A Summary of Grasp: The Science of Transforming How We Learn by Sanjay Sarma with Luke Yoquinto


Guest post by Douglas W. Green, EdD

Blog: https://DrDougGreen.com

Twitter: @DrDougGreen


Introduction

Grasp: The Science of Transforming How We Learn by Sanjay Sarma with Luke Yoquinto tells the story of teaching and learning during the last hundred plus years. They explain what works and what doesn’t. They make it clear that learning should be spaced rather than crammed at the last minute, that different concepts should be interleaved, and that the effort one uses to retrieve memories helps reinforce them.

While we need to teach hard facts, we also need to let students use their hands to wield them. This book is a must-read for teachers and learners alike and would make a great textbook for an introductory education course.

Spacing & Recall

It is well established that spacing out your study on a topic, rather than cramming it all at once prior to an exam leads to more retention. This is even true for invertebrates without brains. Repetition creates more connections between neurons giving memories more synaptic strength. Also, the concept of interleaving suggests that while you are putting space between learning efforts on the same content, you should work on learning other subjects.

Corporations seem to know this better than schools. This is due to the fact that their employees must understand the key concepts or their business is likely to fail. Low-stakes quizzes that continually call back earlier material promote efficient learning

Studies show that the brain is much more capable of storing things in long-term memory when it is curious. Skimming material prior to reading it in earnest can set up questions that only a careful perusal will answer. While we need a wider tolerance for diverse student motivations and interests (outside-in), we also need to teach useful, hard knowledge (inside-out).

Over learn the Important Stuff

We need to do over-learning for some material like math facts so they can be summoned during problem-solving with little effort. While you can find just about anything while searching the Internet, you are not likely to get much accomplished if you are constantly searching for information that you could otherwise easily retrieve from long-term memory.

Effortful retrieval adds to storage strength. There doesn’t appear to be any practical limit on the brain’s storage capacity, but we can only retrieve so much at once.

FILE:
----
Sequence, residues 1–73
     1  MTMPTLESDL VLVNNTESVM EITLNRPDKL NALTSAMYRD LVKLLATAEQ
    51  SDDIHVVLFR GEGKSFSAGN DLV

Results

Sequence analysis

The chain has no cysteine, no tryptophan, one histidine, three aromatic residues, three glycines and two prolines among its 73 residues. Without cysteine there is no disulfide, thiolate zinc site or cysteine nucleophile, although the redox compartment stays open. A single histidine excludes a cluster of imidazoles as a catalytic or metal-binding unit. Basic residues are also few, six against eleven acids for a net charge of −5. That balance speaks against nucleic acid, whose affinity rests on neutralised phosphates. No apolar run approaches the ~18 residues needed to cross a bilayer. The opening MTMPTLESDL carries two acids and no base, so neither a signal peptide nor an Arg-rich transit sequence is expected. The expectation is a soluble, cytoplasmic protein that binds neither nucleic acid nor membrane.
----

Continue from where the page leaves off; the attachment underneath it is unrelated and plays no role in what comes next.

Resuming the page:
The idea of interleaving states that we should go from one thing to another and come back several times rather than focusing too long on one thing. This process creates more desirable difficulty. Since you are working on something that you worked on a while ago, your retrieval is more effortful and therefore more effective.

Flipping Your Class

Lectures are known for being rather ineffective when it comes to transferring knowledge. At this writing at least half of college professors in the U.S. expect students to read the material or watch videos prior to coming to class to discuss or actively use what they have studied.

It is vital that students somehow put their hands-on knowledge and concepts they have read about. As they discuss content with each other and their teachers, they will essentially teach the content to others and internalize it themselves. This is why collaboration is necessary.

Students should grade students who are at lower levels thus revisiting earlier lessons and strengthening their memory of the content. It is important that everyone is a teacher as teaching something is the best way to really learn it.

This can also lead to a form of mastery learning where you don’t move on until you prove you know the prerequisites. Out of necessity, this approach is also self-paced. Discussing content that is new to all students is fine. Content that has already been presented, however, shouldn’t be presented again to all students at the same time.

The best subject for totally self-paced learning is probably math. I’ve seen many classes where students use software to learn and practice math skills at their own pace with teacher assistance. When this happens it’s amazing how fast some students move while other students take all the time they need prior to forging ahead avoiding frustration.

Conclusion

It is vital that teachers get students to space out their learning. This can be done in class by revisiting important material several times prior to the end of a unit. Teachers can also explain to their students how doing so outside of class is in their best interests.

Rather than just giving unit tests, midterms, and finals, there have to be frequent low/no-stakes opportunities for students to engage in recall as recalling something does more to strengthen memories than additional study.

Telling big picture stories prior to dealing with details can instill curiosity, which is a powerful motivator. This is one reason why students need some opportunity to follow their own interests.

Since teacher talk (lectures) are highly ineffective, students should read and watch videos prior to discussing and working hands-on with concepts. They should also be able to work at their own pace and test each other to further revisit material. They should work at their own pace when possible and not move on until they master the content they will need in future lessons.

As you implement the ideas present here, grab a copy of the book that inspired this article. You can also read my full summary at https://bit.ly/37pvppd.